“No, no. I am really going to remember you, I know I will. Shit, what’s your name again?”
There was something he was hiding. I could feel it. There was an anxiousness in the way he spoke. Something was brewing just below the surface, something he wanted to say, but didn’t quite dare. I didn’t get the feeling it was sexual or sinister. Maybe he was just drunk. Our walk half over, 5 minutes out of ten, he spewed.
No, not vomit, thank God.
“Ok this is really weird,” he stammered, “And I probably should just not say anything. God, you must think I’m so weird. Ok, sorry. Can I tell you something? I probably shouldn’t, like, most of my friends don’t know this. But, I dunno. I want to get it off my chest or something. I want to tell you.”
I smiled, this made me think of the guy I had met in Central Park with the sign that said “FREE LISTENING“.
“Sure,” I said, “You can tell me. It’s a safe space, really. We’re never going to see each other again in three blocks.”
He took a breath. “Ok. It’s the story of the only time I’ve ever been held up at gun point.”
His senior year of high school, him and his best friend had tried to score some “major pot”. They had ambitions of running the drug circle of their fancy private prep school in Sonoma County. Arrangements were made to meet with guys who would supply them. The boys showed up at the appointed place and time with $5,000 cash in their pockets. When they arrived, guns were drawn, money was taken. When it was all over, the two boys sat in the parking lot, their pockets empty. Dreams dashed, adrenaline surging, and an all encompassing feeling of oh-my-god-we’re-SO-stupid.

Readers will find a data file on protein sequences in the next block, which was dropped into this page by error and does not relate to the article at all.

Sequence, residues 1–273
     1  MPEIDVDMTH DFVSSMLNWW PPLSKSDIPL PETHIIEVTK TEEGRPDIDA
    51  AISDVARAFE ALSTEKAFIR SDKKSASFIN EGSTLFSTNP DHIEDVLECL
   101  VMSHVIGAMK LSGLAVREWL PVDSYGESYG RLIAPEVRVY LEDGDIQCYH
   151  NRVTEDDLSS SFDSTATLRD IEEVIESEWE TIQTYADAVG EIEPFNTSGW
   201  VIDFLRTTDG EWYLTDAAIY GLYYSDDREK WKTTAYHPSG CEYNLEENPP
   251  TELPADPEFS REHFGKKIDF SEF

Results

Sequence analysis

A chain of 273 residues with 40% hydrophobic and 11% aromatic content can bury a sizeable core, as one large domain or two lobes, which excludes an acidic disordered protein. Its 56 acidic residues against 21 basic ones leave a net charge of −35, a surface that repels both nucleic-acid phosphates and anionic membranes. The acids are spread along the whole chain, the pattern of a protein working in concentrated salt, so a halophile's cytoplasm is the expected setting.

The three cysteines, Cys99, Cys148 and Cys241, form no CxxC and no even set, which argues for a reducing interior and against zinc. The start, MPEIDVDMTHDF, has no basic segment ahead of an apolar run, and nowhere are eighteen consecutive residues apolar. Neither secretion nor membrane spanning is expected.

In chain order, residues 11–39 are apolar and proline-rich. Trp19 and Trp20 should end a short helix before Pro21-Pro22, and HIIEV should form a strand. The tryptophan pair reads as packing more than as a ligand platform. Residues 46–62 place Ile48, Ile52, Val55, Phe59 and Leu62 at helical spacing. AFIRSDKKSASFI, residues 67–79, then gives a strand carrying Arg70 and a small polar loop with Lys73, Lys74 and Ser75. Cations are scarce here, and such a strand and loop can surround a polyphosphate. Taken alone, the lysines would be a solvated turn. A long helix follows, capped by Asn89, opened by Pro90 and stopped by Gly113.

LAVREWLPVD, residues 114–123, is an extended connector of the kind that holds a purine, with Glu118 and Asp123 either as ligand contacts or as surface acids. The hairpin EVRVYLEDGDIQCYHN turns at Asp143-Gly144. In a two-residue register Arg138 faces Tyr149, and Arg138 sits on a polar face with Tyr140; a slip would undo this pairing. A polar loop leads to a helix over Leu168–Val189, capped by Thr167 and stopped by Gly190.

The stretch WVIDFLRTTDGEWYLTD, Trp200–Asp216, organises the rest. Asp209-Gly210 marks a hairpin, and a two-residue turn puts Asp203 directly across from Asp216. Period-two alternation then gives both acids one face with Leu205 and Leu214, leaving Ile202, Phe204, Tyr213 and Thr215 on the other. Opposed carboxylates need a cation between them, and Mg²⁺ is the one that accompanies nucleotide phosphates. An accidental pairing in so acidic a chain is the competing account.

“That was years ago, dunno why I needed to tell you, but I did,” he said, finishing his story. I had listened enthralled, never expecting a story with so much violence, poor choices, and disastrous results. The kind of story that leaves you thinking, My life is great compared to that! I’ve never lost $5000! Go me!
“Think of it as a purge,” I said, “Now you have a fresh start for the new year.”
“Thanks for listening.”
“Oh, thanks for telling. It’s great, next time I have to act like I’m at gun point, ya know, in a play or movie- I’m using your story.” We laughed. I stopped walking, “This is where our walk ends. You’re going down the hill to North Beach and I’m going up the hill to bed. Thanks for walking me home. It was nice meeting you.” I grinned. He had been a funny, perfect way to end the night.
“Before you go, can you do one last thing for me?” He asked.
Oh no, I thought to myself, please don’t ask for a kiss, please! “What?” I voiced aloud.
“Can you slap me, hard, in the face?”
Relief must have flooded my face because he said, “You thought I was gonna ask for a phone number or something, didn’t you.”
“I’ll happily help you with that request.” I said, chuckling. Life is so funny. Truth truly stranger than fiction. I pulled my hand back and let it fly. The sound it made on contact was satisfying.
“Thanks,” he winced, “Now I’m awake. And maybe less drunk.”
“My pleasure. Happy New Year. Good night,” and with that I crossed the street, never looking back.
I’ll never see him again, but I’ll never forget my first slap of 2013.